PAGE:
A final thought. I have looked at direct costs here, but indirect costs – especially the money ‘left on the table’ in discounted share issues have an equally serious negative impact on the funds that companies are able to raise through the issue of shares.
The OXB case study
OXB first issued shares on AIM (IPO raising £5 million in 1996), followed by 4 further issues between 1998 and 2000 raising £24 million in total. In 2001 OXB moved to the LSE Official List, raising £36 million. 4 subsequent issues on the LSE raised a further £84 million. We used a total of 5 brokers, all London-based, over this period.
OXB raised £148 million in 10 rounds over 16 years, incurring costs of £12 million (average 8.2% of proceeds). Costs ranged from as little as 3.0% up to 13.5% of funds raised. The IPO in 1996 was the most expensive at 13.5%. The average cost of 7 subsequent share issues with a pre-emptive element was 8.6% (range 7.0% to 12.8%). In contrast, 2 share placings in 2000, where OXB used a shareholder approved disapplication of pre-emption rights, cost only 3% of funds raised.
For the placings in 2000, OXB shareholders had approved a 10% limit to non-pre-emptive share issues. This limit is renewed each year, and in recent years shareholders have been more cautious, only approving a 5% limit.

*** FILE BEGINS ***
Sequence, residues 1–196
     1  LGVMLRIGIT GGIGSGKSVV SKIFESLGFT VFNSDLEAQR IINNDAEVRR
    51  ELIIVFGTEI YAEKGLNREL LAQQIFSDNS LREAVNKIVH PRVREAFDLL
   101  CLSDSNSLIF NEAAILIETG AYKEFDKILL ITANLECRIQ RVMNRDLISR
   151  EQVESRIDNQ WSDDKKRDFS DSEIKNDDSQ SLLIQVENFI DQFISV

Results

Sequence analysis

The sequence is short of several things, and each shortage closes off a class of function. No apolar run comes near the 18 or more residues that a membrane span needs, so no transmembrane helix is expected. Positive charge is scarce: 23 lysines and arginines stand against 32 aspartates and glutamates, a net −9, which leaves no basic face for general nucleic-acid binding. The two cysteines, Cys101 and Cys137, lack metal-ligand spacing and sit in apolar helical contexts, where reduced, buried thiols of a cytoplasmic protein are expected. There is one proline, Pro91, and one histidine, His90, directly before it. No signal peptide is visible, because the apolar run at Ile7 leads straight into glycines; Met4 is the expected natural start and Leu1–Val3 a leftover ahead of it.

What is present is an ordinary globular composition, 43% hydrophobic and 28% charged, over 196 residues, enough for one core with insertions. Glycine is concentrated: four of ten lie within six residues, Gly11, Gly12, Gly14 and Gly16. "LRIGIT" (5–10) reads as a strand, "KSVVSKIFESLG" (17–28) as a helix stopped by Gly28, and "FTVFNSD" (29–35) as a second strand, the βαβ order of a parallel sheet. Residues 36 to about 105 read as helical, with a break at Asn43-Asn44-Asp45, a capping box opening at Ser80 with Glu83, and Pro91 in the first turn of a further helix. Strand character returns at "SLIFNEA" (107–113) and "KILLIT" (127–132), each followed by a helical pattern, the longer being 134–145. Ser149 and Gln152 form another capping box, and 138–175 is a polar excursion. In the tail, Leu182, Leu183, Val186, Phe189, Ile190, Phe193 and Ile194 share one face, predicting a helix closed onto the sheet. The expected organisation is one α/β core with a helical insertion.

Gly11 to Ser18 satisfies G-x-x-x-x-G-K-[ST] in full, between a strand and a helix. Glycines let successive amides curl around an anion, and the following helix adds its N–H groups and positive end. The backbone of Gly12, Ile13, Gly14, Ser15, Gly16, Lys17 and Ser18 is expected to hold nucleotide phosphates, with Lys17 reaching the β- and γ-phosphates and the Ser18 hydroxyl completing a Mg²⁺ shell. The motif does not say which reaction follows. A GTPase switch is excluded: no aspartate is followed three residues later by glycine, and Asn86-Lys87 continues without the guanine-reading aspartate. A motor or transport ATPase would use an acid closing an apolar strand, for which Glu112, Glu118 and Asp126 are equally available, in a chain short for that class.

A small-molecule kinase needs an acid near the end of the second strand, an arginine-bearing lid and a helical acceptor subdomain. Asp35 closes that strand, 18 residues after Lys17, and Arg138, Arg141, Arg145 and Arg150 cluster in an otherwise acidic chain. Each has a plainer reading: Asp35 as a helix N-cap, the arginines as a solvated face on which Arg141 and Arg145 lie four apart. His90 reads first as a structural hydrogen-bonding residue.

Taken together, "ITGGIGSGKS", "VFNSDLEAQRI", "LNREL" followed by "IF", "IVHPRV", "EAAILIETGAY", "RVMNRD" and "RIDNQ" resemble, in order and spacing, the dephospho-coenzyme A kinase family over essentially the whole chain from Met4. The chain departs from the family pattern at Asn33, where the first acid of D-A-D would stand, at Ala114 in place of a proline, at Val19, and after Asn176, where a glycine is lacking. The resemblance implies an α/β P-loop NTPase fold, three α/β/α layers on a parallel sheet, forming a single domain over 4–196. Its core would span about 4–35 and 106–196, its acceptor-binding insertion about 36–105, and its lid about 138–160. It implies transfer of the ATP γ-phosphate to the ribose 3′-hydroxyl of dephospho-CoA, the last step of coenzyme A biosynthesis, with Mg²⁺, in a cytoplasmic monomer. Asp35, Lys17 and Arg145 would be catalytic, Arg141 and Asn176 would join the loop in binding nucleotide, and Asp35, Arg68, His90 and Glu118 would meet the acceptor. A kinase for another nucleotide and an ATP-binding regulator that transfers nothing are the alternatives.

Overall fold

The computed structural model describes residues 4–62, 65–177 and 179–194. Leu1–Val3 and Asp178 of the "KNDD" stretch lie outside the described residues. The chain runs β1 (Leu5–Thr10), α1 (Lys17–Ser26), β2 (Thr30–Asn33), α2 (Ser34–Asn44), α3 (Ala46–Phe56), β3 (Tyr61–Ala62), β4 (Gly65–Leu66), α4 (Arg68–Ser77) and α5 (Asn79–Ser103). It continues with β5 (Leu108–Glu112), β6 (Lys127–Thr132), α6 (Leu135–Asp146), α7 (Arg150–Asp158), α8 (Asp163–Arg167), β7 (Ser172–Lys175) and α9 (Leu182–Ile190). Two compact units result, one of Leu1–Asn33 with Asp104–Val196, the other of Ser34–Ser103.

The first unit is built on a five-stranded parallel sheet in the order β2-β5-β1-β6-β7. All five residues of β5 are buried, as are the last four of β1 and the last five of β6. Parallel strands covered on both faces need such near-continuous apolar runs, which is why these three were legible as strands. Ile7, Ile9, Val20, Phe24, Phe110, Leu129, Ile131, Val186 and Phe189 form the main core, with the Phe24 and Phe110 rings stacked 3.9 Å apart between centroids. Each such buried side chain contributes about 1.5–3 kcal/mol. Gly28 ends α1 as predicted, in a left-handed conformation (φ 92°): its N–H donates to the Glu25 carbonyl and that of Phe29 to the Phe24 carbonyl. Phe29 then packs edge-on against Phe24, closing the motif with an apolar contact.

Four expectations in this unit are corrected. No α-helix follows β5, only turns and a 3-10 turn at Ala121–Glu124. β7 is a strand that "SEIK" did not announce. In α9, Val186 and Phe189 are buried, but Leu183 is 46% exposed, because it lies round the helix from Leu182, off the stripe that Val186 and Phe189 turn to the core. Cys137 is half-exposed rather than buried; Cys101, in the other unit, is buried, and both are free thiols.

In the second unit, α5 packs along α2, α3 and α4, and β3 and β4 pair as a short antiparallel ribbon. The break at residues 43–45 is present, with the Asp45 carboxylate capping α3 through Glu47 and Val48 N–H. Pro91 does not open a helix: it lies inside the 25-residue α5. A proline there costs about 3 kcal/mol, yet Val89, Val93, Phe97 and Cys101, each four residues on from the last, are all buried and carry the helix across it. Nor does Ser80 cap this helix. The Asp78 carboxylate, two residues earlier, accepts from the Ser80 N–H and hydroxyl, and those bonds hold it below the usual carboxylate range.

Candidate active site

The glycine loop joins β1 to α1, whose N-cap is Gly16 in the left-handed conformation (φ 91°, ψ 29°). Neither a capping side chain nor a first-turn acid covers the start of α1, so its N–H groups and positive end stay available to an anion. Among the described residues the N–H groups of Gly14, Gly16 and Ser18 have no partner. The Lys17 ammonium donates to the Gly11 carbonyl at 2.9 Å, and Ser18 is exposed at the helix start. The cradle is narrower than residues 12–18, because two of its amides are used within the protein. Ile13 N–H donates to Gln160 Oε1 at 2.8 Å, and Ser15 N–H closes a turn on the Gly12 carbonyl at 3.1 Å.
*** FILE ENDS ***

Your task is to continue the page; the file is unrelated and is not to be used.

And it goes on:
Looking into the components of the costs of the IPO and the pre-emptive share issues up to 2011, 72% was taken up by brokers’ fees (corporate fees, sales commissions and broker’s legal costs). Company legal costs were 11%, reporting accountants 8% and all other costs 7%. Some of these cost elements are clearly variable, such as sales commissions, while others are essentially fixed (i.e. they are not set by reference to the amount of funds raised). As one would expect from this mix of fixed and variable costs, there was a trend that smaller share issues had the highest cost in terms of funds raised.
Comparison to other UK biotech share issues
I examined a sample of nineteen share issues by other listed biotech companies in the UK between 2004 and 2012 to look for validation of the OXB observations. The public statements about these transactions identified ten of them as placings – from Aortech, Antisoma (2 issues), E-Therapeutics, GW Pharma, Proximagen, Reneuron and Summit (3 issues). The other nine were either IPOs or placings and open offers – from Allergy Therapeutics, Ark Therapeutics (3 issues), Summit Corp. (2 issues) and Vernalis (3 issues). These transactions were broadly comparable in size to the OXB issues above, ranging from £5 million to £69 million.